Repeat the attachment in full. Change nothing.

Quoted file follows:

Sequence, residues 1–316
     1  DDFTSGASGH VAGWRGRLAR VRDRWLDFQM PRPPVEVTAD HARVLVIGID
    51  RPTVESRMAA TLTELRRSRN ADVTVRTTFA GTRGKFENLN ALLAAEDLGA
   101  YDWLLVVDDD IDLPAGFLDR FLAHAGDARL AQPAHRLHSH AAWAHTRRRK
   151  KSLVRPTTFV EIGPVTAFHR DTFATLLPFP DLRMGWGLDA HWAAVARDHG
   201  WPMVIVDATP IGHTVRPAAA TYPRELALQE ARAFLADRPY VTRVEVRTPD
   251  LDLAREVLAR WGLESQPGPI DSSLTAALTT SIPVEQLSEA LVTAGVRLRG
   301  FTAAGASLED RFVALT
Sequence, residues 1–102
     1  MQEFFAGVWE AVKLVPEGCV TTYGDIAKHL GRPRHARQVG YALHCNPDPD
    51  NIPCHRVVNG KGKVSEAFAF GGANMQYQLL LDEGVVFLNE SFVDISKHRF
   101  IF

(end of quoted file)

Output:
Sequence, residues 1–316
     1  DDFTSGASGH VAGWRGRLAR VRDRWLDFQM PRPPVEVTAD HARVLVIGID
    51  RPTVESRMAA TLTELRRSRN ADVTVRTTFA GTRGKFENLN ALLAAEDLGA
   101  YDWLLVVDDD IDLPAGFLDR FLAHAGDARL AQPAHRLHSH AAWAHTRRRK
   151  KSLVRPTTFV EIGPVTAFHR DTFATLLPFP DLRMGWGLDA HWAAVARDHG
   201  WPMVIVDATP IGHTVRPAAA TYPRELALQE ARAFLADRPY VTRVEVRTPD
   251  LDLAREVLAR WGLESQPGPI DSSLTAALTT SIPVEQLSEA LVTAGVRLRG
   301  FTAAGASLED RFVALT
Sequence, residues 1–102
     1  MQEFFAGVWE AVKLVPEGCV TTYGDIAKHL GRPRHARQVG YALHCNPDPD
    51  NIPCHRVVNG KGKVSEAFAF GGANMQYQLL LDEGVVFLNE SFVDISKHRF
   101  IF